- Wash the bite area with soap and water.
- Apply an anti-itch medicine such as Calamine lotion. There are anti-itch sticks that you daub on the bite and they work good for me.
You may not know it, but all spiders are poisonous. Cool, huh? It's just that there are very few that have poison powerful enough to bother humans. But, those that are dangerous are bad - black widows, brown recluse, tarantula, sac spider, and funnel-web spider. Spider bites are actually very rare and a victim may not realize he's been bitten for hours afterwards.
Preventing Spider Problems- Spiders are not highly mobile like flying insects and are not laying in wait to attack you like ticks. With some common sense and keeping your eyes open, you should never be bitten by a spider:
- Never reach someplace that you can not see - under rocks, into holes, around branches.
- Shake out clothes, gloves, boots before putting them on.
- When hiking through trees, being tall, I often get spider webs in my face that shorter people have walked under. In those places, I hike slower, point the end of my hiking stick out ahead of me and move it in a circle to catch the webs 4 or 5 feet before I reach them.
- Look before you sit down or lean against a tree to rest.
- Wear gloves when doing any outdoor work.
Treating Spider Bites- Spider bites usually have one or two puncture spots, but are often so tiny they can not be seen. Different spiders cause different reactions, but in general spider bites should be treated by:
- Wash the bite area with soap and water.
- Place ice pack or cold water towel on bite area.
- Elevate and rest the wounded spot to reduce swelling.
- Watch for symptoms and record them.
- Call or visit a doctor as soon as you can.
- Try to identify the spider. If it is available, take the spider's live or dead body with you to the doctor.
Bees and Such
Bees, wasps, hornets, yellow jackets, ... they are everywhere and they are beneficial to our environment, but they can sure be a pain. As a kid, I used to put honey on my finger and let bumblebees climb on and lick it up - never got stung. My mom said I was stupid and lucky. Stings from these critters hurt a lot and, for about 1% of humans, they can be deadly. If you've been stung and you know its not a big deal, don't take stings lightly when they happen to someone else.
Honey bees have a barbed stinger and it gets stuck in your skin so they can only sting once. But, yellow jackets and hornets have no barbs and can sting repeatedly.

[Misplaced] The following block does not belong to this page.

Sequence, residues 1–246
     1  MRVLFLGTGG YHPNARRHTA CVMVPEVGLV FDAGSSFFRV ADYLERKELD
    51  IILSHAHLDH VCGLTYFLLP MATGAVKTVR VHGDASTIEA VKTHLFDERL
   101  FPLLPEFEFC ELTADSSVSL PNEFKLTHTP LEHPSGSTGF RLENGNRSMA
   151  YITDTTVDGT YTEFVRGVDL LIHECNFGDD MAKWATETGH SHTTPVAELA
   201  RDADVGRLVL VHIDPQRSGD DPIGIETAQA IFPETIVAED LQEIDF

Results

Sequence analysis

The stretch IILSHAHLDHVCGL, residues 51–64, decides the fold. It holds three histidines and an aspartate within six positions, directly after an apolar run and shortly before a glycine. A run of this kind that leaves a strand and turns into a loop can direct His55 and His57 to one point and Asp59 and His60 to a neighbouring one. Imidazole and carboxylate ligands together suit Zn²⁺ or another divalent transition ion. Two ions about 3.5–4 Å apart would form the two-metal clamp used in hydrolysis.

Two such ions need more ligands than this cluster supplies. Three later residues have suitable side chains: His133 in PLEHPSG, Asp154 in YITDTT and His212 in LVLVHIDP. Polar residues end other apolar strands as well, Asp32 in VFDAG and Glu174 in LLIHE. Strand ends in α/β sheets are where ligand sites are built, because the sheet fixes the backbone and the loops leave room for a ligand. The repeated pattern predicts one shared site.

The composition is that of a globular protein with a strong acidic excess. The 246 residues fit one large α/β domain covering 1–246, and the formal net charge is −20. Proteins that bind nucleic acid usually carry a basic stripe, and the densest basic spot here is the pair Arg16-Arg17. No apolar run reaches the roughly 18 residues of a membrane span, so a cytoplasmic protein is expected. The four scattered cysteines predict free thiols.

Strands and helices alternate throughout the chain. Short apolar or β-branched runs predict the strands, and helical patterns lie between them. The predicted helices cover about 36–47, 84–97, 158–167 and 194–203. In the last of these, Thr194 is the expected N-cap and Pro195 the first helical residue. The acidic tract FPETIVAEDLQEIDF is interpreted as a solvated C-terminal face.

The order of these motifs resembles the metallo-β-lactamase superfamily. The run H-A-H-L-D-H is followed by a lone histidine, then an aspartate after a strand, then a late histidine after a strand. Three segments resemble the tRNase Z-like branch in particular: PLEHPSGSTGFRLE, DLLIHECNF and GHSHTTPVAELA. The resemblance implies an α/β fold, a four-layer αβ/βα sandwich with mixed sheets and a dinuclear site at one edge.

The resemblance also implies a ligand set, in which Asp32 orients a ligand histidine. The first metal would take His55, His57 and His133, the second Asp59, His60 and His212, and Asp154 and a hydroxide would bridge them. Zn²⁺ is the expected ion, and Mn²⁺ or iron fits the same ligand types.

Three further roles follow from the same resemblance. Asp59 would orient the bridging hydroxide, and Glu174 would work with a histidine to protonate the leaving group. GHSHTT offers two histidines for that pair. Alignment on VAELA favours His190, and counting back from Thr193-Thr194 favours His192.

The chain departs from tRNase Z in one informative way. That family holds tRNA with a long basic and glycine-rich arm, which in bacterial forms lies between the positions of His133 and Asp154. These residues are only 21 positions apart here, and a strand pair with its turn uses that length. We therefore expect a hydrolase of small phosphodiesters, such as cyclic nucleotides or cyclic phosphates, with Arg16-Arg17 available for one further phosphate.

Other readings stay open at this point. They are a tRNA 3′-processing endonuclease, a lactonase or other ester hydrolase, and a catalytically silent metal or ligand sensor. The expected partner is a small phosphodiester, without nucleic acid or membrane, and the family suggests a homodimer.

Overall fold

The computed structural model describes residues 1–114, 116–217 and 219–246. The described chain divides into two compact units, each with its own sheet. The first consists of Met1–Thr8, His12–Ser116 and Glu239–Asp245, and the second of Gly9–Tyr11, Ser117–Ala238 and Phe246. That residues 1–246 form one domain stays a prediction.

Preventing Stinging Problems- Since bees fly around looking for flowers, it's very difficult to avoid them while you're outdoors. Their stinger is a defensive device and you get stung when you become a threat. So, the best guidelines are to stay clear of the insects as much as possible:
- Avoid wearing bright or flowery patterned clothes. You may attract a bee looking for flowers. Wearing light-colored clothes, like tan or white, is good.
- Avoid perfume and scented lotions.
- Avoid wearing shiny jewelry.
- Avoid strongly odored food that may be attractive.
- Don't drink from cans - a bug may have gotten inside trying to get to the sweet liquid. Look in your cup before you drink from it.
- Keep your food and garbage sealed in plastic bags.
- If a bee or wasp is bothering you, slowly move away down the trail. Swatting at it or rapid movement can provoke an attack.
Treating Stings- Most stings are just painful but do no real damage. If you are attacked by a large number of insects or are allergic to stings then there is danger. If you are stung:
- Stay Calm. Getting excited will just speed up the blood flow and spread of venom.
- If the insect is still attacking you, brush it off and leave the area quickly.
- If the stinger is still stuck in you, remove it by scraping it off with a credit card or pulling it off with a tweezer. It has been recommended that using a tweezer can force more venom into the wound, but more recent studies say that removing the stinger as quickly as possible is more important. So, use what you can to get it out.
- Apply ice or cold water to the sting area.
- Control itching and swelling with over-the-counter antihistamines.
- Don't itch or rub the sting spot.
- If allergic reaction symptoms appear or the victim is known to be allergic, get medical help immediately. Symptoms include difficulty breathing, swelling of tongue, mouth, or throat, and hives.
There are other bugs that can bother you while hiking. Chiggers, flies, and other crawling, creeping, swarming things that are all just part of the wild. Be aware of the kinds of insects to be found in the areas you hike and be ready in case of an encounter with them. Having a wilderness first aid booklet along is always a good idea, too.
May 01, 2012 - Steve
I got stung two separate days on the A.T. and I know what you mean about the 'hot needle'.
If it's a dozen, I wouldn't be too concerned. If it's more, I'd consider turning back or detouring off the trail to go around.
If this is a managed trail that gets traffic, I'd just let the land management agency responsible for it know about the spot so they can decide if anything needs to be done.